Wyoming Gov. Matt Mead has signed a budget that includes a rejection of a new set of national science standards, because the new standards treat human-caused global warming as a real thing — and the standards were dropped via a footnote in the budget. Since the footnote doesn’t provide much guidance, the state’s science educators are left wondering just what exactly the state’s science education standards are now. One thing’s for sure: Wyoming can now boast that it has less rigorous science education than Kentucky, which actually did adopt the Next Generation Science Standards last August.
Ron Micheli, chair of the state board of education, said that lawyers from his agency, the Wyoming Department of Education, and the Legislative Service Office are still figuring out exactly what the footnote means for the teaching of science:
“Right now, we’re just up in the air,” Micheli said Thursday. “We don’t have consensus on the board or among our attorneys [on the footnote’s meaning].”
You see, if Wyoming were allowed to teach science, Micheli would understand that he could only stay up in the air with the use of an airfoil or a lighter than air device of some sort.
Despite other states’ fears that the Next Generation Science Standards would lead to socialism, tree-worship, and widespread rejection of God, Wyoming is the first to actually reject the K-12 standards, which were developed by national science education groups and educators from 26 states. The proposition that global warming is real and the result of human activity was just too much for Wyoming lawmakers to accept, even though 97% of climate scientists accept it.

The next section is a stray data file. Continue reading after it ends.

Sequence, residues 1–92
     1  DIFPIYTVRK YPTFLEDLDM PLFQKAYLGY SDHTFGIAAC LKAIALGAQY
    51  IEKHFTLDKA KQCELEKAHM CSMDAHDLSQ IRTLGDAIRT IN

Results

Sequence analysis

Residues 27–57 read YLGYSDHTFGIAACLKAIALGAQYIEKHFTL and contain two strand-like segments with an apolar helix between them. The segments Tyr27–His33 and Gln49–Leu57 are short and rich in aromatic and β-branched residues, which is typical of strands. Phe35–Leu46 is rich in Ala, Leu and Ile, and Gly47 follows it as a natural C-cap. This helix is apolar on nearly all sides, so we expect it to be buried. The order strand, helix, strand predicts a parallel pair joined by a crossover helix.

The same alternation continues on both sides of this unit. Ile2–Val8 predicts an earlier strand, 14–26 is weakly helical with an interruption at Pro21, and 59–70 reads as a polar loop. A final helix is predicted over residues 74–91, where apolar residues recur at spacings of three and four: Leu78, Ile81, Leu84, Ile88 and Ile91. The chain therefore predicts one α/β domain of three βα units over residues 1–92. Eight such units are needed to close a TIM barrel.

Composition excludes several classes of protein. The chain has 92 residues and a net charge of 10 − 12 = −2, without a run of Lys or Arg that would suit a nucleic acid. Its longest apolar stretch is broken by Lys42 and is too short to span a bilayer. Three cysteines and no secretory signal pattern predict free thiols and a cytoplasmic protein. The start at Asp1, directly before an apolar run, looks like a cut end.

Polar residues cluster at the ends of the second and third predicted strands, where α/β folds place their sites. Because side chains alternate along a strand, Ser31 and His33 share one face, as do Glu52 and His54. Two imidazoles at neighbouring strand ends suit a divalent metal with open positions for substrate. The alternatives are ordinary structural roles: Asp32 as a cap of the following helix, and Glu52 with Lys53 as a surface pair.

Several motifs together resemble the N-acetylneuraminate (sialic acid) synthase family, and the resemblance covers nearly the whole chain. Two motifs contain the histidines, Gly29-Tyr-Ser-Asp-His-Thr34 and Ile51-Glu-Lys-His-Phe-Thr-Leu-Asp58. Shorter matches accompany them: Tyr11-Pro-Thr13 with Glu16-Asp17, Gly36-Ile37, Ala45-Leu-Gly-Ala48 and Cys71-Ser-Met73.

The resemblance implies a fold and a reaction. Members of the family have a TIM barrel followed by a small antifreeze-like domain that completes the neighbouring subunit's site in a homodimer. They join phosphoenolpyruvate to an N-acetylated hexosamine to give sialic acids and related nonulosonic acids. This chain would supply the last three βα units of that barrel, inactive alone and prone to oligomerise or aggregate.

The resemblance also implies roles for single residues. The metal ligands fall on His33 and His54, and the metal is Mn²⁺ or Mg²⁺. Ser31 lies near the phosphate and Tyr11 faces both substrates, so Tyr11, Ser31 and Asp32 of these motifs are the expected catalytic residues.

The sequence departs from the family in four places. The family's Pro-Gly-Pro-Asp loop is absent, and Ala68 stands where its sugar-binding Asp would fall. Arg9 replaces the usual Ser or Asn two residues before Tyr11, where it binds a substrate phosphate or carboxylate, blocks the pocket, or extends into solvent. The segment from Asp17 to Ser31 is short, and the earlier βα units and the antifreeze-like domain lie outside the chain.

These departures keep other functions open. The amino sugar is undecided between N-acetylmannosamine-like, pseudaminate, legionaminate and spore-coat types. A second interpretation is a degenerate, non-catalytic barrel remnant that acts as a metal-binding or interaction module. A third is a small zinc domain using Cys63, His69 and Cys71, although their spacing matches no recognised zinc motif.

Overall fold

“[The standards] handle global warming as settled science,” said Rep. Matt Teeters, a Republican from Lingle who was one of the footnote’s authors. “There’s all kind of social implications involved in that that I don’t think would be good for Wyoming.”
Teeters said teaching global warming as fact would wreck Wyoming’s economy, as the state is the nation’s largest energy exporter, and cause other unwanted political ramifications.
For that matter, even Ron Micheli thinks global warming is pretty dicey science, which is exactly the spirit of critical thinking that you want to see in the chair of the state board of education:
“I don’t accept, personally, that [climate change] is a fact,” Micheli said. “[The standards are] very prejudiced in my opinion against fossil-fuel development.”
It might be bad for industry, so it’s probably not real science. This is a basic science fact that is not covered in enough high school classes, really. We’re pretty sure that Carl Sagan never mentioned it, either.
Another member of the state board of education, Pete Gosar, said that he thinks science education policy should be driven by science, not politics:
“Over the last few years in Wyoming, we’ve injected politics into education time and again and it has been less than successful … And so here we go again.”
It is not known whether Gosar, who also chairs the Wyoming Democratic Party, noticed several metaphorical laser gunsights from potential tea party challengers shining on his forehead.
Rep. Teeters said that there’s nothing to worry about, since the footnote only bans adoption of the full set of Next Generation standards. Wyoming is free to use the Next Generation proposals as a framework, and to write new standards that include all the science the Legislature likes, while leaving out useless stuff like climate science.
Gosh, wonder if there might be any other science stuff that the good citizens of Wyoming will want excluded?
Follow Doktor Zoom on Twitter. He only likes happy science, especially the Brewing Arts.